Ranveer Singh has killed it in Gully Boy, says rapper Divine, buckling up for the big leagues

Ahead of Netflix’s Sacred Games (for which he has written an original song) and the upcoming film Gully Boy (for which his life is a basis), rapper Divine talks about blowing up big time.

It took a few minutes for Divine (born Vivian Fernandes) to move beyond giving variations of the same rote answers, regardless of whether the question was about his music or his future—answers that included stock phrases such as ‘Music is my life,’ and ‘I’m here to stay’—but soon, we were talking about politics, about revolution and about the power that rap music has in influencing both arenas.

In the short chat we had over the phone—connected despite a couple of seconds of audio delay, him in ‘Kaneda’ and us in New Delhi—the path-breaking Mumbai rapper projected all the energy of his songs, which range from autobiographical confessionals to rage anthems for an entire generation.

His latest is a track called Kaam 25 (pronounced in Hindi), an original composition for the upcoming Netflix series—the first Indian original produced by the streaming giant—Sacred Games, based on the sprawling novel by Vikram Chandra.

The show is co-directed by Anurag Kashyap and Vikramaditya Motwane, who shared directing duties on all eight episodes—Kashyap directed scenes with Nawazuddin Siddiqui while Motwane mainly handled Saif Ali Khan. The trailer for the show scored to the beats of a different Divine track—Jungli Sher—set the tone for what appears to be the sort of Mumbai fable that Kashyap and Nawaz have tackled in the past, in films such as Raman Raghav 2.0.

Divine has worked with Kashyap before—in his recent boxing drama Mukkabaaz—but what really drew him to the project was Nawaz, his ‘favourite actor in the country.’ Divine was shown slides from the show to help him conceptualize Kaam 25. He read bits of the script, which confirmed to him that the show was very much in his ‘space’. The rapper isn’t a stranger to provocative themes – he frequently challenges authority, as well as the government, in his music.

“All this is happening right before our eyes,” he said, making a general reference to certain social issues, such as corruption and communalism – both themes that he has written about in his music (including Kaam 25), and form the overarching thread that binds Chandra’s novel.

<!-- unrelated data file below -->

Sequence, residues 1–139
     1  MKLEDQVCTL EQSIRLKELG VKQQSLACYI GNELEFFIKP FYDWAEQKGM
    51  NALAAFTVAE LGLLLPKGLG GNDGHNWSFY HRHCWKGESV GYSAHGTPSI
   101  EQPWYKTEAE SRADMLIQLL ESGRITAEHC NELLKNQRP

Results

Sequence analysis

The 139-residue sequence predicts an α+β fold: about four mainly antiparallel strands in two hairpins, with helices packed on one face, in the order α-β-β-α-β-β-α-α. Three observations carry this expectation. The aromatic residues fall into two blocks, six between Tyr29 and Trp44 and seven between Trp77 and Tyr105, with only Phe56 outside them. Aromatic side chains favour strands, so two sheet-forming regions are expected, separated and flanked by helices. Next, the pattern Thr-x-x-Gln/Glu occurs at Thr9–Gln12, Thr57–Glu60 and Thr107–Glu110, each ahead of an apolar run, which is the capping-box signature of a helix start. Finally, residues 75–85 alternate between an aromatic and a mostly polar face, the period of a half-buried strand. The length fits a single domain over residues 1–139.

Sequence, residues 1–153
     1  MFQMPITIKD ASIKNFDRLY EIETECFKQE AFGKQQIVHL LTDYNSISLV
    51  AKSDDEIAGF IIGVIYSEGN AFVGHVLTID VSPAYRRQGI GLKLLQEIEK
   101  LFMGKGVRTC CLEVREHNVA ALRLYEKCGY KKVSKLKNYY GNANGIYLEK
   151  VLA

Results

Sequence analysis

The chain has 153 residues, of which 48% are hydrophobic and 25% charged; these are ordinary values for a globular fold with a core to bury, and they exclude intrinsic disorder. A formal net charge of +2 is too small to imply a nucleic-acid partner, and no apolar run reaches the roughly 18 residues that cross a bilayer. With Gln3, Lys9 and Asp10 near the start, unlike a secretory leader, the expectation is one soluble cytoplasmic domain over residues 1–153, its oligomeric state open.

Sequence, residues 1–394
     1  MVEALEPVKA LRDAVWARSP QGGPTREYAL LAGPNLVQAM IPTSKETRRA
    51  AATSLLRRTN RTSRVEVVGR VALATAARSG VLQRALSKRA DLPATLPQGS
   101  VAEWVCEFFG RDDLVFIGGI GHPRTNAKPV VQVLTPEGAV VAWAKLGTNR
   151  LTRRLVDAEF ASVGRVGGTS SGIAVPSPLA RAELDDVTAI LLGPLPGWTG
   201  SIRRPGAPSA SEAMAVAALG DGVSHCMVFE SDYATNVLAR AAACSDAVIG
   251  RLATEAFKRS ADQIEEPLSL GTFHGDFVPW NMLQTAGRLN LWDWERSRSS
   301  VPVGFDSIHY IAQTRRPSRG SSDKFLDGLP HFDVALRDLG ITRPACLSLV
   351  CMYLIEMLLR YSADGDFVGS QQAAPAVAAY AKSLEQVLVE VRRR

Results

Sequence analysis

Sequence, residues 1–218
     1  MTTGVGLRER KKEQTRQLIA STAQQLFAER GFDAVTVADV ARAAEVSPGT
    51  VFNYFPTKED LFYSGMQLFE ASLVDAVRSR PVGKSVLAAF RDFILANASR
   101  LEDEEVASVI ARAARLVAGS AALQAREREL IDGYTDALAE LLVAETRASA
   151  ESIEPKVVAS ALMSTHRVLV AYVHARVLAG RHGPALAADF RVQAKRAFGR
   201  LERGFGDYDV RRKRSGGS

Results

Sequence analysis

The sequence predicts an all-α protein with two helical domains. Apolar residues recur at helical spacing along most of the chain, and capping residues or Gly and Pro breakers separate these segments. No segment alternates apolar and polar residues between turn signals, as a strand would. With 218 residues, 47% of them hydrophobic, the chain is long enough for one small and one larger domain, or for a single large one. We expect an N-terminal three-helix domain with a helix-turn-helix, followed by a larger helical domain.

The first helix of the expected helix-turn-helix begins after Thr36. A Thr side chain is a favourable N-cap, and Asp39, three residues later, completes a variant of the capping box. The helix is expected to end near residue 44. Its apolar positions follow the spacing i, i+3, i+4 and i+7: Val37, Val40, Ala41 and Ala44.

“It’s never been a problem,” he said defiantly when prodded about whether he was concerned that his emergence from the underground and into the mainstream might change things. “Things have gone from 0 to a 100 since we started,” he said, about the troupe of young rappers who came from Mumbai and helped define its hip-hop voice, just like Punjab and even Kolkata. He has been at the forefront of this movement, which has made him the de facto figurehead for rap music — real rap music — in India.

“The young boys understand that rap has the power – to maybe not change the country but to spark mindsets that change the country,” he said. Both Divine and the official YouTube channel for Netflix shared his new song, but despite having 150,000 subscribers as compared to Netflix’s 4 million, the video he shared scored a million hits, and Netflix’s a mere 250,000. It’s the loyalty that matters, not the reach.

But the rapper will soon have to learn to handle more fans than he has ever had before, when the film Gully Boy, based in part on his life, is released. “I have been a part of it from day 1,” he said. “I have a connection to it.” Divine, or at least a character inspired by him, will be played in the film by Ranveer Singh, who is coming off the reviews of his career with his Alaudin Khilji turn in Padmaavat. “Ranveer is the man,” Divine said. “He’s the best man to do the movie and he’s killed it.”

Sacred Games will begin streaming on Netflix on July 6. Gully Boy is still a while away, but Divine hopes you spend the meantime listening to the new Pusha-T album.